Pretty much every major appliance has some sort of compact version. These smaller devices are designed to accommodate small apartments, whether it be a high-end loft in Manhattan or your first post-college studio. Compact fridges, dishwashers, even laundry units abound for homes with limited space. And yes, now there are also compact wine fridges.
Most wine fridges aren't very large to begin with… unless, of course, you’re talking about one of those giant walk-in wine caves in the basement of some Italian-style villa.
The average wine fridge is designed to fit under the counter, with about three or four racks and multiple temperature zones to accommodate reds and whites of any variety. However, Plados has come up with an even more compact version of this: a wine cooler drawer.
It comes equipped with a stainless steel front, but you can opt to attach customized panels to match the other drawers and cabinets in your kitchen. It's also made entirely of recyclable materials: stainless steel, wood, and aluminum.
The drawer can hold a mere five standard-sized bottles of vino—not quite the capacity to jump-start a full-blown collection. But that should be more than enough to accommodate the occasional party.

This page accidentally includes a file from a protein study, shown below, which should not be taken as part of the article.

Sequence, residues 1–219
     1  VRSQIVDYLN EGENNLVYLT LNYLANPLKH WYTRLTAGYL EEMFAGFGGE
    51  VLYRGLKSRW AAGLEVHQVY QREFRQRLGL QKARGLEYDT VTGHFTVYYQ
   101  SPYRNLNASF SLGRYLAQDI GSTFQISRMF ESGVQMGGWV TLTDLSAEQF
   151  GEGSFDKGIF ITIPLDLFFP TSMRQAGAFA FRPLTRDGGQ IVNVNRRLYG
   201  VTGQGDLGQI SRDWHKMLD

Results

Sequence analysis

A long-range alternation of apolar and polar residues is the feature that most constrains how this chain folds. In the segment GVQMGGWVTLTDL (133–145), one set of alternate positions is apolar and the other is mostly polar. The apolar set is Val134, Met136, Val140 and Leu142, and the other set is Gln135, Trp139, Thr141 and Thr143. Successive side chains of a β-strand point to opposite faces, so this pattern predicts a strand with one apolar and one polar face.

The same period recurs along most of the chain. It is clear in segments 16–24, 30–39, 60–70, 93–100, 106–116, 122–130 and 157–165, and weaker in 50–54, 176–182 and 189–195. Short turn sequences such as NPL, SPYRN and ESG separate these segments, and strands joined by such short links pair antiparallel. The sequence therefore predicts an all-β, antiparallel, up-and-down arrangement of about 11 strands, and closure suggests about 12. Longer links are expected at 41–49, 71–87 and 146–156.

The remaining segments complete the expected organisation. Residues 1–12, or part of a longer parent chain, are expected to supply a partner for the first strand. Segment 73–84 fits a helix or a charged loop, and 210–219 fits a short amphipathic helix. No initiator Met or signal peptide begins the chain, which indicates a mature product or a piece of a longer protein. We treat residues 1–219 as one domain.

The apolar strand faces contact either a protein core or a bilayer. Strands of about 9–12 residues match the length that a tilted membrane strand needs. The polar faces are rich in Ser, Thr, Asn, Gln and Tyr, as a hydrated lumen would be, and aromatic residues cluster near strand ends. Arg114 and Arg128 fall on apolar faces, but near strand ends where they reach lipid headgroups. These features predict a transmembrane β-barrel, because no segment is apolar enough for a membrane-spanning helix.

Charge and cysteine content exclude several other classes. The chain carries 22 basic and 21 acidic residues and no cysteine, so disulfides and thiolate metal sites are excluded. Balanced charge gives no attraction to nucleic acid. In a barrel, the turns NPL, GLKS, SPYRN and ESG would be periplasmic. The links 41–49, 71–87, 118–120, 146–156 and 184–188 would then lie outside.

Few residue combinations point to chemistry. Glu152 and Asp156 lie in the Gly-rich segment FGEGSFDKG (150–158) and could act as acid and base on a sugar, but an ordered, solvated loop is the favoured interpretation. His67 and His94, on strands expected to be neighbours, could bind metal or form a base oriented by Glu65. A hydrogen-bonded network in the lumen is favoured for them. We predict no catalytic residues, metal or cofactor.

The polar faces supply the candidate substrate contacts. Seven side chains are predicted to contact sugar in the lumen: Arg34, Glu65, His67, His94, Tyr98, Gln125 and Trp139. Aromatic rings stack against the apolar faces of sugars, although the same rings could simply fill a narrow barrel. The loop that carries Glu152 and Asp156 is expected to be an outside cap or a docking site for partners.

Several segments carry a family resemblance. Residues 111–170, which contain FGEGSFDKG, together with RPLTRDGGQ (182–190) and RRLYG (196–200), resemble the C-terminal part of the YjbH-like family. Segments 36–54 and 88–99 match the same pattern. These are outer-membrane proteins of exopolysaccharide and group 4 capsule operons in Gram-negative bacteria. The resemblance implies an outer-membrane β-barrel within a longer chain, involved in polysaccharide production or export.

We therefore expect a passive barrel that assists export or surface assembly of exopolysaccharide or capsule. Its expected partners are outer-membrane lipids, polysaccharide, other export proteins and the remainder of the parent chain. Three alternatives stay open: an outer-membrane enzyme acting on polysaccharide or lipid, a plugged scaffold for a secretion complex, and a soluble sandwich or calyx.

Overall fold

There's only one temperature zone for each drawer with a range of 8-18°C (about 46-65°F), so you'd have to get a second one to accommodate reds and whites at the same time.
But what's really interesting about this drawer is how it cools the air. It's based on something called the Peltier effect, a physical principal that allows you to generate a temperature difference between two environments using only an electric current.
Essentially, this means you're using electricity alone to chill your bubbly. There's no gaseous refrigerant involved, so discarding the drawer—if it stops working—means you won't need to call the officials. It's great for the environment, great for your kitchen design, and great for your next fine dining soiree.
The catch? Good luck finding one in America. Wine drawers seem to be an almost exclusively European phenomenon. We could only find one website that sells the drawer, and it's based in Italy. There's a similar drawer made by KitchenAid, but that one only sells in the UK. For now, we may have to add this one to our wish list. In the mean time, bottoms up!